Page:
Biomanipulation an effective way of reducing algal blooms
For the first time, a systematic review has been undertaken of the use of biomanipulation to restore eutrophic lakes. Removing roach, bream and similar fish to increase populations of zooplankton, which in turn feed on phytoplankton, has been shown to be a successful method of improving water quality.
The extensive review has been conducted by the Mistra Council for Evidence-Based Environmental Management (EviEM).
‘By looking at a very large number of lakes, we’ve been able to show that this method is actually effective in improving water quality. We can also see under what conditions it works better, and in what types of lakes. This provides decision-makers with a good scientific evidence base,’ says Anna Gårdmark, professor of quantitative fish and fisheries ecology and a member of the team that carried out the review.
Many attempts have been made in recent decades to restore eutrophic lakes by biomanipulation, that is to say, by removing or stocking fish or other species.
The commonest form of biomanipulation is intensive fishing to reduce populations of fish that feed on zooplankton or benthic fauna. In European lakes, members of the carp family, such as roach and bream, are the main species in that category. If the numbers of such fish in a eutrophic lake are successfully reduced, the ecosystem may be modified in a way that makes the water more transparent and reduces the risk of algal blooms and oxygen deficiency, at least in the short term.
The review began with a search of the scientific literature that identified a total of 14,500 articles. After screening for relevance, 233 of these remained. Between them, they contained useful data on 128 biomanipulation interventions in 123 lakes. Of these, 85 per cent had been carried out in Europe and 15 per cent in North America. Among the Swedish lakes included in the review were Ringsjön and Finjasjön in Skåne, and Vallentunasjön north of Stockholm.
To sum up, the results indicate that removing zooplankton- or bottom-feeding fish is a useful means of improving water quality in eutrophic lakes.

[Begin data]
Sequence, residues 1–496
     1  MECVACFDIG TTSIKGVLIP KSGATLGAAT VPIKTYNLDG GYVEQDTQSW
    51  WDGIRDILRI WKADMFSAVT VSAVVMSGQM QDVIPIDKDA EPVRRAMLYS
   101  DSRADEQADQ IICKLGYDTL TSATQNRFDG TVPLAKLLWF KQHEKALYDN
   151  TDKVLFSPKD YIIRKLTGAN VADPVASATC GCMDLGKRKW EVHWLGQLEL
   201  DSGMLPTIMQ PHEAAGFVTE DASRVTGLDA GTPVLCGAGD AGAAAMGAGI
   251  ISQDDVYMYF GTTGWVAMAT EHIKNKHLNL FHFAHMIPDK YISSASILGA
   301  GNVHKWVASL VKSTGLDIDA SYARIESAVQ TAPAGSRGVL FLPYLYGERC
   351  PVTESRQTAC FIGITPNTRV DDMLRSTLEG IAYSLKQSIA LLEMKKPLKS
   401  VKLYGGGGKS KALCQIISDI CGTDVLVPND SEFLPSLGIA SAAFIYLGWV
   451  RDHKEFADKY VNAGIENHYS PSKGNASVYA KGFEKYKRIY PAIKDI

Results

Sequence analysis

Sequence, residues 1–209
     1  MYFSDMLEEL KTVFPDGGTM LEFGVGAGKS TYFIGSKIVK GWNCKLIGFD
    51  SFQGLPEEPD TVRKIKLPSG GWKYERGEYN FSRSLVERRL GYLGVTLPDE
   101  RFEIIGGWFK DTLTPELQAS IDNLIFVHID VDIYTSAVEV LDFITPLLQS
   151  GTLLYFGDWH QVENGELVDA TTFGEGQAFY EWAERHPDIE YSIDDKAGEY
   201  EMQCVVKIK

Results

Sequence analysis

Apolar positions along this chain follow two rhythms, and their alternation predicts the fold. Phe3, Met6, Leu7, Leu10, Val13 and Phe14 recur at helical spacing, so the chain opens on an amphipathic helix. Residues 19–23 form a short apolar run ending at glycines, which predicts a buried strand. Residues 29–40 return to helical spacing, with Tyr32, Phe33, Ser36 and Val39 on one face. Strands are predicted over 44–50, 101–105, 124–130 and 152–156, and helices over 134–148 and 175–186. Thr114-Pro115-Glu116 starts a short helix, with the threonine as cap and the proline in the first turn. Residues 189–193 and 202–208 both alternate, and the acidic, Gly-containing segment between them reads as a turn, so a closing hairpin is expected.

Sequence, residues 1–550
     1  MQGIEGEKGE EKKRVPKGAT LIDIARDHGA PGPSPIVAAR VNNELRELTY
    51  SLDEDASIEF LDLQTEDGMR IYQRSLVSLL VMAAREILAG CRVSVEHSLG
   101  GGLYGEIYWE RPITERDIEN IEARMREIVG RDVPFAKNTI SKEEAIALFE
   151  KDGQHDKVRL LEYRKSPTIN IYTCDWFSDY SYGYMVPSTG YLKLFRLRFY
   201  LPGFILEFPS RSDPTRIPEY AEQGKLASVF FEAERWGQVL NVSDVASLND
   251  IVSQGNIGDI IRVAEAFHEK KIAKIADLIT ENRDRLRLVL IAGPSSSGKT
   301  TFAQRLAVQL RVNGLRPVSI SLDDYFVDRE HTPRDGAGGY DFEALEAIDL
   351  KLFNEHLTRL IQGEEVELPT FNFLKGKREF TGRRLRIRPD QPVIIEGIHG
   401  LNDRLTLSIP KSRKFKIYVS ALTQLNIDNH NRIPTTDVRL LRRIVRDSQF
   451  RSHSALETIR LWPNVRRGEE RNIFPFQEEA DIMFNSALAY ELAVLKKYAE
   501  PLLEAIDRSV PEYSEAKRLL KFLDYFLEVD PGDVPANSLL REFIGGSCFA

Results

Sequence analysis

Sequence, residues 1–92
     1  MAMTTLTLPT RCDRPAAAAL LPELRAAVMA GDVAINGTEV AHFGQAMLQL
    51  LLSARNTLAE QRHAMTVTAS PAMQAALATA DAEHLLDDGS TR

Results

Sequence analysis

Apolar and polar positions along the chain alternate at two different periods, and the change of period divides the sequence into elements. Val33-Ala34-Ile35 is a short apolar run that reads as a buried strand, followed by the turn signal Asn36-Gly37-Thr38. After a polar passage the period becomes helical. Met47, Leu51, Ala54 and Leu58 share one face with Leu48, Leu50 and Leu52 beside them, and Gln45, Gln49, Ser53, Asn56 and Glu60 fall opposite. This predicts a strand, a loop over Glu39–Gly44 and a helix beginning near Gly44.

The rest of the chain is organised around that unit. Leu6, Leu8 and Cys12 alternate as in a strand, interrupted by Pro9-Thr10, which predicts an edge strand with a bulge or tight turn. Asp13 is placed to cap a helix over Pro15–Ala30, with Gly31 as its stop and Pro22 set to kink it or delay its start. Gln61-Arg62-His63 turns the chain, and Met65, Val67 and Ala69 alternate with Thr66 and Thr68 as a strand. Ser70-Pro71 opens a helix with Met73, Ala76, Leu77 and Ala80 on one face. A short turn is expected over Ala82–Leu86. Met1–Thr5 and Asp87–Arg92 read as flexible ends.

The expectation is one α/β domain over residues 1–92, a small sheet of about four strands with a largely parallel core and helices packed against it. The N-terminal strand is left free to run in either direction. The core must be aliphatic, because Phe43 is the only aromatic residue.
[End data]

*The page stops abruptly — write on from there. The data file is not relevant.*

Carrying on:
• The beneficial effects of removing the fish normally lasted for at least three years. In some lakes that were monitored long-term, the effects persisted for ten years or more.
• Fish removal was particularly successful in relatively small lakes with short retention times and high phosphorus levels prior to biomanipulation.
• Removing larger numbers of fish increased the efficacy of the intervention.
• These two relationships could also reinforce each other – increasing fish removals had the most pronounced effect on chlorophyll levels in lakes that were small and/or had high phosphorus concentrations prior to manipulation.
• In some lakes, as an alternative to removing plankton- and bottom-feeding fish, predatory fish have been stocked, which then feed on and reduce populations of roach and similar fish. That method, however, was not found to significantly improve water quality.
A more detailed summary of the review is available from the EviEM website, where the full report can also be downloaded.
High-resolution photographs and illustrations can be obtained from www.eviem.se/en
See the film about the project at www.eviem.se/en
The report has also been published in the journal Environmental Evidence 2015, 4:13 (www.environmentalevidencejournal.org).
The Mistra Council for Evidence-Based Environmental Management (EviEM) works to promote environmental management built on a scientific foundation. Using systematic reviews of different issues relating to the environment, its aim is to improve the basis for environmental decision-making in Sweden.
The systematic review method, which sets out to synthesise the results of a large number of existing studies, can be used to bring clarity to issues on which consensus has previously been lacking.
EviEM is funded by the Swedish Foundation for Strategic Environmental Research (Mistra) and is based at the Royal Swedish Academy of Sciences. Its work is politically and financially independent.
Chair of the review team and professor at Linnaeus University, Kalmar.
Phone: +46 (0)706 22 37 79, +46 (0)480 44 73 11
Member of the review team and professor at the Swedish University of Agricultural Sciences, Öregrund
Phone: +46 (0)10 4784125
Project manager for the review, EviEM
Phone: +46 (0)8 673 97 55, +46 (0)72 246 38 89
Phone: +46 (0) 708 249431